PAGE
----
The Practice of Voting
This week, with the control of both houses of Congress at stake, Americans will head to the polls for a crucial election.
Or will they?
Midterm election turnout is always lower than in presidential election years, and even in 2020, with the highest voter participation in decades, only 66% of eligible voters actually cast a vote.
And when people don’t vote, there are consequences. On September 25, 2022, a coalition of far-right neo-fascists led by Giorgia Meloni took the Italian national election with a combined total of just under 44% of the vote. Not coincidentally, turnout was down over 9% from the previous election. In May, 2022, far-right French politician Marine Le Pen came close to doing the same thing in France.
Now, I’m a Buddhist meditation teacher with progressive political positions. I don’t view these positions as incidental to my study of Buddhism or meditation, but rather as the ongoing result of deeply contemplating the worldview of interdependence. To borrow from Rev. Dr. Martin Luther King, Jr. (a dear ally of the late Buddhist master Thich Nhat Hanh) the truth of interdependence teaches us that “whatever affects one of us directly affects all of us indirectly.” That means we need to build cultures, economies, and governments that acknowledge this truth and that flourish in harmony with it.
However, I also acknowledge that some people view the teachings of mindfulness in a more conservative light, as a call to personal responsibility in all areas of life. This is also an important perspective, because it’s hard to make any progress toward liberation without personal accountability for your mind, your actions, and your life.
So, in a sense, our modern political dialogue between progressive and conservative values is also a conversation about how much of our lives—and our paths—are about individual responsibility, and how much of our journey is about shared duty to those with whom we live in community. This dialogue between the truths of personal responsibility and interdependence ought to be a lively and ongoing one.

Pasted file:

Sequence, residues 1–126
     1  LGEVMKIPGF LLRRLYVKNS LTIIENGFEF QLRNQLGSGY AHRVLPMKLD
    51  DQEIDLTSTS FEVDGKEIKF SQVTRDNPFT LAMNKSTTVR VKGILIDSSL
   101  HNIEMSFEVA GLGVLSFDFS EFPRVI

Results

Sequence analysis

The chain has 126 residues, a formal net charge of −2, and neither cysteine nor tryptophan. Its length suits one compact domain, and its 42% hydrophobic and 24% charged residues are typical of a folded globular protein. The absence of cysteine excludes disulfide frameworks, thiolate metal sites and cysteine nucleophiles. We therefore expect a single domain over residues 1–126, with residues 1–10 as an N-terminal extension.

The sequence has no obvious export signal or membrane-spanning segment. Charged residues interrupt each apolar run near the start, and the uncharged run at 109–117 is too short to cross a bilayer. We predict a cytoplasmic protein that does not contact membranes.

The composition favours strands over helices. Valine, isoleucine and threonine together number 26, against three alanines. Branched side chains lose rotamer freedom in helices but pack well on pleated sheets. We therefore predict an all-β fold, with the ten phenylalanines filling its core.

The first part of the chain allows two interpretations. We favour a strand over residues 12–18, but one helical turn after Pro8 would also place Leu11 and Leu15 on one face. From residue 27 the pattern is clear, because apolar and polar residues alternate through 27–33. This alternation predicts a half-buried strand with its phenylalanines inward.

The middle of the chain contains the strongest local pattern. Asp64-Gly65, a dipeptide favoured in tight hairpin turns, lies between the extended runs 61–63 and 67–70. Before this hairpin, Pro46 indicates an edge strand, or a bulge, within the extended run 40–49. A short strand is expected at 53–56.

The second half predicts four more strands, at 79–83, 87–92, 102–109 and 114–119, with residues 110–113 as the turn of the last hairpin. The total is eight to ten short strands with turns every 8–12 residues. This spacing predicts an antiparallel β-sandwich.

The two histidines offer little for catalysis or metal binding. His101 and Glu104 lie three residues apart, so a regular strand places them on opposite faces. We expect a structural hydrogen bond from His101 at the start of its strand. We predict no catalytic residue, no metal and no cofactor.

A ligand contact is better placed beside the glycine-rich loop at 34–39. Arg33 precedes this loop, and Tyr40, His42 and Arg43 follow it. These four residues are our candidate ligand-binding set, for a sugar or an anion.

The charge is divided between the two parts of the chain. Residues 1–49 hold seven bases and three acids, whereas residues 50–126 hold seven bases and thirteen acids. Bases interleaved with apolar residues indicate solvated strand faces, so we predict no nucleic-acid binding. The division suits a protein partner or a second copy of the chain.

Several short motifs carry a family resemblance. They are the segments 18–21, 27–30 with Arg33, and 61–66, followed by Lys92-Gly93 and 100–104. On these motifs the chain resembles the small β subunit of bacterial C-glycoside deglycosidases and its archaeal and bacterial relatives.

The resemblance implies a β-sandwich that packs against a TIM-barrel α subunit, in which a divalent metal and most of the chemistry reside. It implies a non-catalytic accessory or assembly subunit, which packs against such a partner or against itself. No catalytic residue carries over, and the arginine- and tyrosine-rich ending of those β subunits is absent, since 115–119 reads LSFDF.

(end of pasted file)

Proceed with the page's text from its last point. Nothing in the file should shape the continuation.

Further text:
But that dialogue can only take place in a democracy where all voices are heard and everyone is encouraged to vote. When votes are suppressed, discouraged, or denied – when false claims about fraud are used as a pretext to make it harder for people to vote and contest valid elections – then we can’t have real conversations about how much of our lives are personal and private, and how much of them are shared and collective, because the very forum for that values-based exchange is threatened, and potentially extinguished.
Likewise, the healthy discussion of values doesn’t include conspiracy theories, fear-based attacks against immigrants and other scapegoats, and the denial of science, whether the science in question is about climate change, gender identity, vaccines, voting machines, or any other subject. Those actions aren’t part of the healthy debate between liberals and conservatives. They undermine that debate.
In the ancient world, mindfulness practice was introduced to society by Siddhartha Gautama (also known as the Buddha) as much more than just sitting meditation practice. It was more expansive, inviting us to practice presence and care in every aspect of life.
Now, the Buddha’s society at the time was not arranged around principles of democracy, so the specific duties of citizenship didn’t get much discussion, and the “affairs of kings and princes” were often dismissed as irrelevant. But in our society, which only functions when everyone works toward (and debates) the common good, certain core principles still apply: for example, that mindfulness applies to all of life, that reducing suffering is a moral imperative, and that promoting societal harmony is part of the contemplative path. And in that context, it becomes natural and necessary to view voting as part of mindfulness practice itself.
Moreover, as mindfulness practitioners, we have a unique opportunity to notice when we may be making decisions based on fear or anger, and to employ mindfulness to cool those fires so we can see more clearly. We can discern between legitimate debate on the one hand, and sabotaging democracy on the other. And we can make our political choices based on the core value of reducing both individual and collective suffering.
And while perhaps disagreeing on important values, we can loudly reject any party or force in society that attempts to deny people the right to vote or deny the outcomes of elections.
Meditators also know something about the value of a regular practice, whether it’s meditating every day or voting in every election. The way to maintain the precious system of democracy is to make it part of your practice: to participate every time you can, and to safeguard and encourage the participation of others.
Please, if you live in the United States, make voting—and encouraging others to vote—part of your mindfulness practice on November 8.
Ethan Nichtern is a senior Buddhist teacher. From 2010-2018 he served as the teacher in residence for the Shambhala NYC community. He is the author of The Road Home: A Contemporary Exploration of the Buddhist Path (2015), The Dharma of The Princess Bride (2017) and other books.